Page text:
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Texas Rep. Chip Roy under fire for comments during anti-Asian hate hearing

He represents Texas' 21st Congressional District, which includes parts of Austin, San Antonio and the Hill Country.

Texas Rep. Chip Roy is under fire for controversial statements he made at a House hearing on anti-Asian hate crimes and discrimination.

The hearing before the House Judiciary Subcommittee on the Constitution, Civil Rights and Civil Liberties came March 18 after a series of hate crimes against Asian Americans, including three shootings at Atlanta-area businesses on Tuesday in which eight people were killed. Six of the victims in the Atlanta-area attacks were Asian women. 

Roy (R-Texas) represents Texas' 21st Congressional District, which includes parts of Austin, San Antonio and the Hill Country. He defeated Wendy Davis in the 2020 general election.

In his opening statement, Roy, who was acting as ranking member, said that while he wants justice for the victims of Tuesday's shooting he had concerns about the hearing.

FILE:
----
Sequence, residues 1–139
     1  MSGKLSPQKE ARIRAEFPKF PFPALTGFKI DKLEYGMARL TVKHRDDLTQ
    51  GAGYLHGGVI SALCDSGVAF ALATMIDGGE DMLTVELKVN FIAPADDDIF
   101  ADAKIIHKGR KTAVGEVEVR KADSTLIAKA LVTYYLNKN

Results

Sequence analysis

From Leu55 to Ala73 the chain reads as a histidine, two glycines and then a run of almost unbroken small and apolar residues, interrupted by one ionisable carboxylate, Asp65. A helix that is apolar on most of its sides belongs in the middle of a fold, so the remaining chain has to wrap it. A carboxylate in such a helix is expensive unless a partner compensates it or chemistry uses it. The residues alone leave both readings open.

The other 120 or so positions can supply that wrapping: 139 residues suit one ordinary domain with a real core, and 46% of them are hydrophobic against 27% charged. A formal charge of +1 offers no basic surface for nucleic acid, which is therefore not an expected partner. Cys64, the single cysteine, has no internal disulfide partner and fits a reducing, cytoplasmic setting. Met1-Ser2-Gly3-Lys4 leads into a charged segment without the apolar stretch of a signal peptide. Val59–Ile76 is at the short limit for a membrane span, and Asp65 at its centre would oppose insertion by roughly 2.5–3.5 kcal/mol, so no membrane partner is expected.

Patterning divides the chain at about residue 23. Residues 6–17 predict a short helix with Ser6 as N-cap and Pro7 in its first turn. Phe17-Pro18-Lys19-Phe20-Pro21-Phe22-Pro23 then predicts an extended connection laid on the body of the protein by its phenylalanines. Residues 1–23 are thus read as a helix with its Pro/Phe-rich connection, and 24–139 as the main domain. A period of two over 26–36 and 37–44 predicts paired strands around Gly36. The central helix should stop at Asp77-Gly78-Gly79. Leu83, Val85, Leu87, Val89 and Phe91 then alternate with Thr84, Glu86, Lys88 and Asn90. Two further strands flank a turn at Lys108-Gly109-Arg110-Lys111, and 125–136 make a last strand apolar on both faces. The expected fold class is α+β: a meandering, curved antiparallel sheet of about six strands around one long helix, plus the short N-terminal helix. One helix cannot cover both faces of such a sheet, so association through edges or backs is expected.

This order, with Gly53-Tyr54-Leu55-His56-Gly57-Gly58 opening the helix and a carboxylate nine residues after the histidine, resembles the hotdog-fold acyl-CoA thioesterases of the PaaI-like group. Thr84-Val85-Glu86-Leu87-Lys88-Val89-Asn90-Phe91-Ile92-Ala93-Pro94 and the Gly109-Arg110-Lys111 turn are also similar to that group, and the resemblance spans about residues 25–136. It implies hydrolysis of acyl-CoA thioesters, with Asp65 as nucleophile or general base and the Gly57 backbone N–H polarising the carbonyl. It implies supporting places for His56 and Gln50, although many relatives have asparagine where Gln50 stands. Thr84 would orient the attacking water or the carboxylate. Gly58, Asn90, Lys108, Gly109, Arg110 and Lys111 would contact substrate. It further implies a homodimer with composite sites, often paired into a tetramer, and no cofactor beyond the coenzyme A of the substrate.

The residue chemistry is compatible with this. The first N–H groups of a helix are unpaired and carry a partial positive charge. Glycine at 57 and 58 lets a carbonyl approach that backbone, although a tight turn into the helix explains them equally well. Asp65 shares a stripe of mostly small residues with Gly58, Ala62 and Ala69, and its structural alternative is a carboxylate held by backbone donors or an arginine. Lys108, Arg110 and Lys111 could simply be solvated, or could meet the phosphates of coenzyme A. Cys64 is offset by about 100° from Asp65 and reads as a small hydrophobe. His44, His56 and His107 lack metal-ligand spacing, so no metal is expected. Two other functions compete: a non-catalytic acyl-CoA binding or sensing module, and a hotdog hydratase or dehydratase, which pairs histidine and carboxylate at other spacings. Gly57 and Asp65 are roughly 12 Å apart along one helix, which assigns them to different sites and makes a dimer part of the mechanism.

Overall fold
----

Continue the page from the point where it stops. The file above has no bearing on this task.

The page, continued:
"My concern about this hearing is that it seems to want to venture into the policing of rhetoric, in a free society, free speech, and away from the rule of law and taking out bad guys," Roy said.

The Texas representative's comments from the hearing were trending Thursday on Twitter.

Roy said that the victims of race-based violence deserve justice. Video on Twitter shows Roy suggesting that the "bad guys" be lynched.

Subcommittee Chair Steve Cohen, D-Tenn. responded to Roy, saying that the hearing was not just about speech but about violent actions, including incidents in which Asian Americans were spit on, hit and lit on fire, ABC News reported.

According to USA TODAY, Rep. Grace Meng also responded, saying, "This hearing was to address the hurt and pain of our community, to find solutions. And we will not let you take our voice from us." 

Video surfaced on Twitter of Roy going on to say that the "China Communist Party, running the country of China, I think they're the bad guys. and I think they are harming people ... and what they did to hide the reality of this virus is equally deserving of condemnation."

Asian American lawmakers, scholars and advocates, including actor and producer Daniel Dae Kim, testified Thursday at the hearing. The hearing reportedly became emotional at times, with Cohen at one point saying, "Congress sees you, we stand with you. We're gonna do everything in our power to protect you." 

The City of Austin Equity Office has reported an uptick in Asian American hate crimes. 

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